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It was the first trading book I ever read and probably the best I'll ever read. It's actually been a while since I last read it so may revisit it. You're comments are interesting re 01 and 08. There's always that fear, what if one day we have such a crash we cannot recover? What if there's another Cold war and things escalate, will we still have a market to trade? I suppose it's part of the risk of being in the game, there's always the likelyhood of a black swan event, no matter how small the odds.
that cl has a -.91 correlation with bonds, and a +.97 correlation with canadian dollar, and a 1.00 correlation with rb, and that lead/lag relationships exist on a daily basis. maybe it's not the intention of the thread; but, the stuff i hear being discussed here on a daily basis, as intellectually stimulating as it is; is not going to make you money, on a daily basis.
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My bad, getting old and blind can't read the difference between Volume and OI!
My point regard Dec (month symbol Z) is that crude outside of the first 6 months has very little liquidity in any of the contracts other than December. If you page forward on Bloomberg you will see that Dec17 (aka CLZ7) has a spike in open interest, as does Dec18, Dec 19 etc etc.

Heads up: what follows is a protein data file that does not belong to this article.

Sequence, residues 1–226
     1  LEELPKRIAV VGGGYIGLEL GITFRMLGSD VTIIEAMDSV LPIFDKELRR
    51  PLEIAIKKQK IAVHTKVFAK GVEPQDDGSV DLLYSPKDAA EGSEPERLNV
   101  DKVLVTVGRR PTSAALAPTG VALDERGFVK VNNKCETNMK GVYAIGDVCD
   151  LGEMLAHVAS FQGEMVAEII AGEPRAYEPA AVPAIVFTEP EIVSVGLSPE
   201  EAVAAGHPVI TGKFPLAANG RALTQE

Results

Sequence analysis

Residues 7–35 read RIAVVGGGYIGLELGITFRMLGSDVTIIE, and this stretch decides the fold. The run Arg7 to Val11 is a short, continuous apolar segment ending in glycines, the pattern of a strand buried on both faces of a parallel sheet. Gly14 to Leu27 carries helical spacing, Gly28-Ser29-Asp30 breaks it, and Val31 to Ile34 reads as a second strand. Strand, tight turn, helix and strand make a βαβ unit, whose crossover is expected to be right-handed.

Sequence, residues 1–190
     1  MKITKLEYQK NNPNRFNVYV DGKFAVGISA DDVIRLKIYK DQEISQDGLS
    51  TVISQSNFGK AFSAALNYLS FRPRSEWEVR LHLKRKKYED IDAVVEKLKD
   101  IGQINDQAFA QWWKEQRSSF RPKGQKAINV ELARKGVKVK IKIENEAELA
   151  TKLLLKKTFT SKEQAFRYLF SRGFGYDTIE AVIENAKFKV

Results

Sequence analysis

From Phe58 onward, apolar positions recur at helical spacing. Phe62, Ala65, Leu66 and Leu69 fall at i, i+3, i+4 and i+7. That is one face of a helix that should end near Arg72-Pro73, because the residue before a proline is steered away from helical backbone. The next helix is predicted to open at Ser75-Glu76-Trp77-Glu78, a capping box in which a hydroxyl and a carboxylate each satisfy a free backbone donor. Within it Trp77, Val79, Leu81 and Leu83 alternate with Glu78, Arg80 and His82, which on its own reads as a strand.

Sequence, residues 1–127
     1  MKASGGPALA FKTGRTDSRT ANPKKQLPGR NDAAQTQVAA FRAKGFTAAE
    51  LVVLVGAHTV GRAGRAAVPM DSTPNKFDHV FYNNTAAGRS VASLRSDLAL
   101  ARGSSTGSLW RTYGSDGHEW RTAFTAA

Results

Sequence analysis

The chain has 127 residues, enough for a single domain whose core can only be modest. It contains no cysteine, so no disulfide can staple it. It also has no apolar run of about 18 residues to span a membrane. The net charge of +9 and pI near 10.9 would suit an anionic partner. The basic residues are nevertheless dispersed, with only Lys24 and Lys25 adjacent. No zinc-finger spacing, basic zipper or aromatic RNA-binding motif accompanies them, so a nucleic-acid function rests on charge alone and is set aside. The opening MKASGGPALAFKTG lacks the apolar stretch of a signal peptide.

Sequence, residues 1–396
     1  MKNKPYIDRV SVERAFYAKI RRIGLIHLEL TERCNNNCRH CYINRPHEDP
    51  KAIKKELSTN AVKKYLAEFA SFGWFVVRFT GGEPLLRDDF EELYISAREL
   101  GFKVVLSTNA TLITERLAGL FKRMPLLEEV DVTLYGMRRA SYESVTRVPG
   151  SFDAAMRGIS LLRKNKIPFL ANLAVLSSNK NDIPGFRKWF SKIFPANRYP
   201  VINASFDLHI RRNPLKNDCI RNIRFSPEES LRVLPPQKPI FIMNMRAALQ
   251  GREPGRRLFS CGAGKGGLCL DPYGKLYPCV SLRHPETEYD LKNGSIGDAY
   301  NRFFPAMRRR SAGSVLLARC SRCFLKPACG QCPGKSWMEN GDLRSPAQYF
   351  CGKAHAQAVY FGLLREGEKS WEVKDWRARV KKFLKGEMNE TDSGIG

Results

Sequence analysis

i was just saying that i think you will find the increase in OI in December is not a function of anything market price related but a function of the fact that it's been a liquidly traded contract for many years.
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DOE crude inventories released today. Build of 5.4million barrels to a total of almost 388 million barrels.
US crude stocks are the highest they've been in the last 15 years for this time of year by over 20 million barrels.
Only time US has had more crude in storage in the last 15 years was the spring seasonal peak in 2008 and 2013 when we peaked just below 400million barrels.
US Domestic crude oil production continues to increase and reached 9.2million barrels/day. This is over a 50% increase in the last 3 years, with Jan 2012 production below 6 million/day.